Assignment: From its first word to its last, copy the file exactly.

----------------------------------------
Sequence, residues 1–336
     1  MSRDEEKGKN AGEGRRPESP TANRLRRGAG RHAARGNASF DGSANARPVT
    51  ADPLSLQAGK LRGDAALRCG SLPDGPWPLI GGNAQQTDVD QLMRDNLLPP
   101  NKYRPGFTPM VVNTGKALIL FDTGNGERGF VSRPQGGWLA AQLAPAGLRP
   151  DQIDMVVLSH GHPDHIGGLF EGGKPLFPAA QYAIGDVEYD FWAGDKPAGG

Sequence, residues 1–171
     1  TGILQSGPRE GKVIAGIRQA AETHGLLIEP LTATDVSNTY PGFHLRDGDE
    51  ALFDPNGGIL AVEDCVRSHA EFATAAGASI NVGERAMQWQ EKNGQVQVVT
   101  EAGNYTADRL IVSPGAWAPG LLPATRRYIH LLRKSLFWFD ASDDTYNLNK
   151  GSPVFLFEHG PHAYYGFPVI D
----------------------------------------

Sequence, residues 1–336
     1  MSRDEEKGKN AGEGRRPESP TANRLRRGAG RHAARGNASF DGSANARPVT
    51  ADPLSLQAGK LRGDAALRCG SLPDGPWPLI GGNAQQTDVD QLMRDNLLPP
   101  NKYRPGFTPM VVNTGKALIL FDTGNGERGF VSRPQGGWLA AQLAPAGLRP
   151  DQIDMVVLSH GHPDHIGGLF EGGKPLFPAA QYAIGDVEYD FWAGDKPAGG

Sequence, residues 1–171
     1  TGILQSGPRE GKVIAGIRQA AETHGLLIEP LTATDVSNTY PGFHLRDGDE
    51  ALFDPNGGIL AVEDCVRSHA EFATAAGASI NVGERAMQWQ EKNGQVQVVT
   101  EAGNYTADRL IVSPGAWAPG LLPATRRYIH LLRKSLFWFD ASDDTYNLNK
   151  GSPVFLFEHG PHAYYGFPVI D